Sure, Stephanie Matthews can count. And she's technologically savvy enough to monitor her bank account online.
Nonetheless, she made a $15 purchase at the Wal-Mart in Fruitland that overdrew her M&T Bank checking account by $2.
The transaction cost her $37.
The Salisbury wife and mother with two jobs is 19 and, by her own admission, sometimes careless with accounting. She also represents two statistical groups that banks and industry watch groups say account for the bulk of overdraft fees for which federal regulators are drafting rules to protect customers:
Matthews is among consumers 18 to 25 years old, a demographic that an FDIC report in 2008 said accrued overdraft fees more than any other age group;
Like most consumers who overdraw their checking accounts, her bank processes the transaction, then recovers the money along with an overdraft fee from her next deposit.
At issue is whether banks should accept transactions when there are insufficient funds in a checking account. Critics of the banking practice argue that they should not, especially if the financial institution has not warned the customer of hefty overdraft fees that could total as much as $39 per transaction.
"The bank will let you swipe your (debit) card, take money when there's not enough money in your account," Matthews said. "I'd rather not be able to get the money out."
The Federal Reserve has drafted rules that, if implemented, would require banks and credit unions to give customers the choice to either opt in or opt out of overdraft protection programs. Customers who opt out likely would see purchases or ATM withdraws rejected when account funds are insufficient.
According to Moebs Services Inc., a financial research firm, 86 percent of banks offering the service already offer opt-out options.
Nessa Feddis, vice president and senior counsel at the American Bankers Association, says that despite criticisms, studies show that many consumers appreciate bank overdraft protection programs that allow transactions to go through despite insufficient funds -- and associated overdraft fees.
"Banks have been paying overdrafts and charging for them since the beginning of checking accounts; what's changed is electronic banking," Feddis said in an interview last week. "The Federal Reserve found that most people expect, understand and value having overdrafts paid, especially for important transactions, not just for mortgages, rent, but also for utilities, cable, et cetera. In a lot of cases, consumers will have to pay a fee to the person they gave a check if the check bounces.
The consumer is in the best position to know what their balance is."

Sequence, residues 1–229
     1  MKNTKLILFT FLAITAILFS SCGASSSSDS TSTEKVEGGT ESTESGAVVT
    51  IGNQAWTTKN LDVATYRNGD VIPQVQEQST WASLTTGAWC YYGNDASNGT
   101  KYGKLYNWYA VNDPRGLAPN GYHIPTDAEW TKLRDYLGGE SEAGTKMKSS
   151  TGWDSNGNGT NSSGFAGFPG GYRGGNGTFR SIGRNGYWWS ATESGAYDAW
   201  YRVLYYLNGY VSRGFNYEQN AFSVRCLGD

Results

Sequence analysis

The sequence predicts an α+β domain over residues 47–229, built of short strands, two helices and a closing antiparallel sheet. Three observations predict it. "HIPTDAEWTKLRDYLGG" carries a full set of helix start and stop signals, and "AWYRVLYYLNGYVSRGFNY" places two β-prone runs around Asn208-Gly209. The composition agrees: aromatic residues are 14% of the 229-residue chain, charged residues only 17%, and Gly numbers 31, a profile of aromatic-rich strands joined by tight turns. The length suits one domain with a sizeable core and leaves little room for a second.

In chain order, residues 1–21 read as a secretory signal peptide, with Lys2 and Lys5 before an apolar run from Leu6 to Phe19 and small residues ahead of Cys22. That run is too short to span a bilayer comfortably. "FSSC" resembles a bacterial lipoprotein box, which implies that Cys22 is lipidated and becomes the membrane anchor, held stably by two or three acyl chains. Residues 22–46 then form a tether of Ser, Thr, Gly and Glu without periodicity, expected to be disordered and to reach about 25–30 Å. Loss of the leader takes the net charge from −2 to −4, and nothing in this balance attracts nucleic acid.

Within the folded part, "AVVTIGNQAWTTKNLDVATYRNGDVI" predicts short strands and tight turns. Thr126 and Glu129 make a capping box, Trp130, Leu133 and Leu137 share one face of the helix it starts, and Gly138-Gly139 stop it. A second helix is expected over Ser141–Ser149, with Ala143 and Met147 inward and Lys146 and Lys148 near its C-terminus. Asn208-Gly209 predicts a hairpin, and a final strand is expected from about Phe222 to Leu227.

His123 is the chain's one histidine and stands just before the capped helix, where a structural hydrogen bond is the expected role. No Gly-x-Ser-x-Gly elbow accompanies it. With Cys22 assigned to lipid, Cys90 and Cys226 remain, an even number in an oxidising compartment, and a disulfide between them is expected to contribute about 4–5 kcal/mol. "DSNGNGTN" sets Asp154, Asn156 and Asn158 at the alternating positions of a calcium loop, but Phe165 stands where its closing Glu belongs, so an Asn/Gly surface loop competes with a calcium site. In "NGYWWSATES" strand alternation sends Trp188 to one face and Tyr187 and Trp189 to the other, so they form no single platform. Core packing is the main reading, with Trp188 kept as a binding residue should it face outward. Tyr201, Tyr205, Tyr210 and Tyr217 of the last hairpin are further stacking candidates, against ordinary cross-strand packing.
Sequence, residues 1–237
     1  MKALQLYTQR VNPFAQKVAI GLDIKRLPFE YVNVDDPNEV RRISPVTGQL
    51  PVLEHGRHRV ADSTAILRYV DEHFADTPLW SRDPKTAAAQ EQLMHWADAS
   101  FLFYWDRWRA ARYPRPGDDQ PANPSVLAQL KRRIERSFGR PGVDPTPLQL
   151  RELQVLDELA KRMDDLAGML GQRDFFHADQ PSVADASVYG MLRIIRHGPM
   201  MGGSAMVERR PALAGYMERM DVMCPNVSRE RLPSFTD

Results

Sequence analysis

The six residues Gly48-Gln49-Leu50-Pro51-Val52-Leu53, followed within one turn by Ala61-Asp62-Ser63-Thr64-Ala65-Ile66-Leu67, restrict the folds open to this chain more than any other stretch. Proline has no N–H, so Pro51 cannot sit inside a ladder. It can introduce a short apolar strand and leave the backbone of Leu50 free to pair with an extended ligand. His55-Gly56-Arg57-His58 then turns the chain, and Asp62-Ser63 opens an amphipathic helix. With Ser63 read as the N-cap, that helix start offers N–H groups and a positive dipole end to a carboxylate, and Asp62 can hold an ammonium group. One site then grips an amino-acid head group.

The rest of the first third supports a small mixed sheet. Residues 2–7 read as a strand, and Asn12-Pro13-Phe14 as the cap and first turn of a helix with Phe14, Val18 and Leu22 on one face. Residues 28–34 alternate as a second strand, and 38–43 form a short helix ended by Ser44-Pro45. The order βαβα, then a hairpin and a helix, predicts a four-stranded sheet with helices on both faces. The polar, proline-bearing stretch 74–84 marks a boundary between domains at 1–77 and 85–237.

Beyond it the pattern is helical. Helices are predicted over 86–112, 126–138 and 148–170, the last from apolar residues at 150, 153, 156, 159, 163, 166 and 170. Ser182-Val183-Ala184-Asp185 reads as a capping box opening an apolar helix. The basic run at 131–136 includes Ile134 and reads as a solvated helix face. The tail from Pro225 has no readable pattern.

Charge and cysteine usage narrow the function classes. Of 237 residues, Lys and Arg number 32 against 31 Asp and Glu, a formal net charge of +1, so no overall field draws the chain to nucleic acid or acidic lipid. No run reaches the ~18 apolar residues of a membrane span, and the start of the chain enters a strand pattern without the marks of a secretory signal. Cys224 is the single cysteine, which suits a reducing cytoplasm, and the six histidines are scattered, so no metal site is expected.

Overdraft fees are not designed for banks to profit, but rather, to discourage consumers from writing checks or making debit card transactions when there are insufficient funds in their checking account, Feddis says.
"It's like a parking ticket; it's intended to encourage people to manage their account," she says.
"Many banks don't charge fees for small amounts (overdrawn), although they don't advertise it."
Moebs Services says 35 percent of all financial institutions allow consumers to overdraw their accounts at an ATM or with a debit card, charging a median of $26 for this service. The research firm said in a news release that it polled more than 2,000 commercial banks, savings institutions and credit unions in June, and found that the national median for overdraft fees on consumer checking accounts, debit cards and ATMs had increased to $26 per incident in 2009 from $25 per incident in 2008.
"This is the first time in our 22-year history of collecting this data that we have seen OD fees increase during a recession," said Mike Moebs, CEO of Moebs Services, whose firm collects and analyzes pricing trends for government agencies such as the Federal Reserve and General Accounting Office, and financial institution clients.
Despite the number of overdrafts, Feddis considers the 75 percent of the general customer population that had none. "Twenty five percent did have them," she said.
"Forty-six percent of 18- to 25-year-olds were assessed overdraft fees, but 54 percent had no overdrafts. Only 12 percent of people 62 and over had overdrafts."
Matthews, the M&T customer, admits that her overdraft was a result of her own failure to monitor her checking account balance.
"I check my account online, so the overdraft could be on me," she said last week outside an ATM in Salisbury. "I thought I had (money) in there."